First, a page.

Assamese (Sikh traditions) in India

Assamese (Sikh traditions)
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Map Source:  People Group data: Omid. Map geography: UNESCO / GMI. Map Design: Joshua Project
People Name: Assamese (Sikh traditions)
Country: India
10/40 Window: Yes
Population: 1,300
World Population: 1,300
Primary Language: Assamese
Primary Religion: Other / Small
Christian Adherents: 0.00 %
Evangelicals: 0.00 %
Scripture: Complete Bible
Online Audio NT: Yes
Jesus Film: Yes
Audio Recordings: Yes
People Cluster: South Asia Sikh - other
Affinity Bloc: South Asian Peoples
Progress Level:

Introduction / History

The Assamese live mainly in Assam, a state in northeastern India. Others live in other parts of India or nearby Bangladesh.

What Are Their Lives Like?

This is a cluster level profile for all Assamese people, be they Hindu, Muslim or Sikh.
Most live in villages, and only a small fraction live in towns or cities. More than half of the villagers are farmers. Rice is the principal crop, followed by tea and a fibrous Indian plant called jute. Mustard plants, potatoes, and fruits are also grown. Because the area has an abundance of rain, the farmers are able to produce rice year-round. About half of India's tea is grown on plantations that are located in Assam.
Other occupations that are held by villagers include small shops, fishing, and basket weaving. Those living in towns sometimes work as schoolteachers or office assistants. Their villages are typically surrounded by groves of bamboo, banana, and mango trees. Each farmer has a kett or rice plot, on the swampy plains near his home. This enables him to keep an eye on the rice fields year-round. Although only a few live in cities or towns, the cities play an important role in the lives of the villagers. Markets, bazaars, parks, and cinemas attract and entertain those living in rural areas. Hospitals and universities provide important services for them as well.

What Are Their Beliefs?

There are Assamese people who are Hindu and others are Muslim. Along with these is a small Sikh community.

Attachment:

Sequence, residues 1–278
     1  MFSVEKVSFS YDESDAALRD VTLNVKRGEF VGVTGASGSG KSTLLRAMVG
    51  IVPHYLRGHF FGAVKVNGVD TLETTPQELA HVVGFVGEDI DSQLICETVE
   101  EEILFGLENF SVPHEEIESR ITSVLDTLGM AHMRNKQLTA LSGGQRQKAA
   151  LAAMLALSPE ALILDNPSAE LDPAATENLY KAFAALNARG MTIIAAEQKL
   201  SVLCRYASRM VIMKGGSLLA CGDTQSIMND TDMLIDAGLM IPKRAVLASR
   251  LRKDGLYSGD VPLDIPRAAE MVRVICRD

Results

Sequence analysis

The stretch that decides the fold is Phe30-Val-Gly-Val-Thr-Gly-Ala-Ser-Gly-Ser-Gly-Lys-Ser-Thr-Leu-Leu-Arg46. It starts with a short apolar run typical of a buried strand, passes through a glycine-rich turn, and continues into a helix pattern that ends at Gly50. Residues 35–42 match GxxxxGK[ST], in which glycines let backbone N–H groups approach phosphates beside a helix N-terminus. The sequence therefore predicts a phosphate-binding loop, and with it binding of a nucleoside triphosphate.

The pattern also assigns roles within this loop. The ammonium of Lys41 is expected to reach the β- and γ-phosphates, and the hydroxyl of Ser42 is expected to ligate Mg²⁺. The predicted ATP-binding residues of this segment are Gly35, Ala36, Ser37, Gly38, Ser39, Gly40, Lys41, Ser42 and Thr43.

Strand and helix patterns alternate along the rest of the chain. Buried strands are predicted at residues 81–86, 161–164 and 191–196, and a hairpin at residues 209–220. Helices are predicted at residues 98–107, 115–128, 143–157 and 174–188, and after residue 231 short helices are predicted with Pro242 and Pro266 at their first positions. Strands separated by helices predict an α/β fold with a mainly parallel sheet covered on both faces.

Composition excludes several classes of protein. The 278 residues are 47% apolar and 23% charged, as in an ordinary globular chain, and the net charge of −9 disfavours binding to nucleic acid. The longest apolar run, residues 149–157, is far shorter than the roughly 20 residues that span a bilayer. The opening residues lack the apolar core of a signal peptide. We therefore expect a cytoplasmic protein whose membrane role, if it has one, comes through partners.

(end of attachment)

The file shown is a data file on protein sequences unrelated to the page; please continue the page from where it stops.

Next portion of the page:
Sikhism originated from a 15th century teacher named Guru Nanak Dev as a reform movement. He rejected the Hindu caste system, taught that all people were equal and that all have equal access to God. The Sikh God is formless, without gender and is to be found in everyone. One gets closer to God by living a good life and by practicing charity. Like Hindus, Sikhs believe in reincarnation and the law of karma; you reap what you sow in your previous life. Like Muslims, the Sikhs worship only one God.
One may recognize a Sikh man by his distinctive turban. All the 10 great Sikh gurus wore turbans. Sikh teaching mandates that a person not cut his or her hair. They worship their holy book, the Granth Sahib, which is a collection of hymns.
There are roughly the same number of Sikhs as there are Jews in the world, but Sikhs are most concentrated in Punjab, their homeland. However, you will find smaller numbers of Sikhs all over the world. Many of the best Indian restaurants in the West are owned and operated by Sikhs.

What Are Their Needs?

Sikh Assamese people need to put their trust and identity in the hands of the loving God of Creation who sent his son to make it possible for them to enjoy life to the full.

Prayer Points

Ask the Holy Spirit to complete the work begun in the hearts of the Assamese believers through adequate discipleship.
Pray for effectiveness of the JESUS Film among the Assamese.
Ask God to open hearts as they hear Christian radio in the Assamese language.
Pray that the Holy Spirit will create a hunger in the hearts of the Assamese to know the one true God.
Ask the Lord to raise up a strong network of local churches among the Assamese.

Text Source:   Joshua Project